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32-bit vs. 64-bit
With the advent of cheap multi-core processing and the subsequent arrival of the latest operating systems to utilize their power, more and more people are demanding 64-bit systems and applications. But how many of us actually understand what 64-bit means? We try to clear up the confusion by looking at the advantages and disadvantages of each system. Memory Do you really need more memory? Why have 64-bit architectures been developed? What do you need to "be 64-bit" ? x32 vs. x64 Does x64 improve audio quality? Memory Everything is bigger Virtual address space Performance & CPU features Overall OS performance Registers Calling convention Running 32-bit applications on x64 Conclusion


Let's start by explaining the fundamentals of memory. RAM (random access memory) is a very fast memory, which is used to store al currently running applications and the associated data needed. In our case this would relate to blocks of audio data, D.A.W. software & related programs, virtual instruments and samples etc. If there is not enough RAM memory available to store all of this data, the O/ (operating system) can 'swap' part of it onto the hard drive and load it back into memory when needed. However this swapping come at a cost - speed.

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RAM is not the fastest memory in the computer, in fact it is relatively slow compared to the processor speed. First there is 'cache memory, which is similar to RAM, but is in much closer proximity to the CPU. While RAM is connected to the CPU via wires man centimeters in length, called a 'system bus', cache memory is usually integrated inside the CPU itself. Unfortunately, it is also mor expensive than RAM, so it is usually only supplied in batches of just a few megabytes. Cache is situated between the CPU and RAM, s when looking for data, the processor visits the cache first and only accesses the RAM when the information it needs is not present.

The fastest memory in the computer is called the 'register', which is actually as fast as the CPU itself. Most work is done inside it bu it's size isn't measured in gigabytes, megabytes or even kilobytes. You only have a few hundred bytes, with the actual amount defined by the CPU architecture.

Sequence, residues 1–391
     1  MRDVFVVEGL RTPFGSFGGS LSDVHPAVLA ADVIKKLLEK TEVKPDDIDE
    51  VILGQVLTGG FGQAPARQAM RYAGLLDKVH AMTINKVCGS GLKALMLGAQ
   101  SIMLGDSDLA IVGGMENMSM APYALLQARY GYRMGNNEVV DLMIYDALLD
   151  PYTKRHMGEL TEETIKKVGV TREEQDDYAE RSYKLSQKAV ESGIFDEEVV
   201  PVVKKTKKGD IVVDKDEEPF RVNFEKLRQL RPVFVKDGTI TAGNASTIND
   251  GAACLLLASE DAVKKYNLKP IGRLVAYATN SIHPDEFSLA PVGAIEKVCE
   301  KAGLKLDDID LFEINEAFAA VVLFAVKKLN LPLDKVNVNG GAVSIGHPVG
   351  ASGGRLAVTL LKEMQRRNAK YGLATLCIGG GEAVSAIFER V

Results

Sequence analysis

Do you really need more memory?

32-bit systems can address up to around 3GB of memory. This limit must suffice for the whole system and all running applications otherwise something will get swapped. In addition, there is another limitation for separate applications - usually 2GB. This 3GB limi still seems generous, but besides actual samples it will also contain all executables and temporary files etc. After all these are take into account, you probably have around 1.5GB free for your project.

Is this enough? Well it usually is, so let's look at an example of a large audio project. Let's say that our project needs 3GB of RAM. 1GB of this will be taken by up by executables and temporary structures and so is effectively lost. The remaining 2GB contains the data t be loaded from your hard drive. This data is usually compressed, so we could estimate that with lossless audio compression and th structures needed for random access, we would need to load about 1GB from the disk. Even though modern hard disks have become lot faster, with fragmentation and simultaneous operations, a fair estimate of the fastest loading speed would be around 50MB pe second. Therefore loading all the data will take 20 seconds. Add to this the time to compute the temporary structures, and even with an 8-core processor, it will take 25 seconds to load.

25 seconds to load a project! Do you really want to wait that long? Well, sometimes you don't have a choice, but this scenario doe highlight the disadvantages of using so much memory.

Why have 64-bit architectures been developed?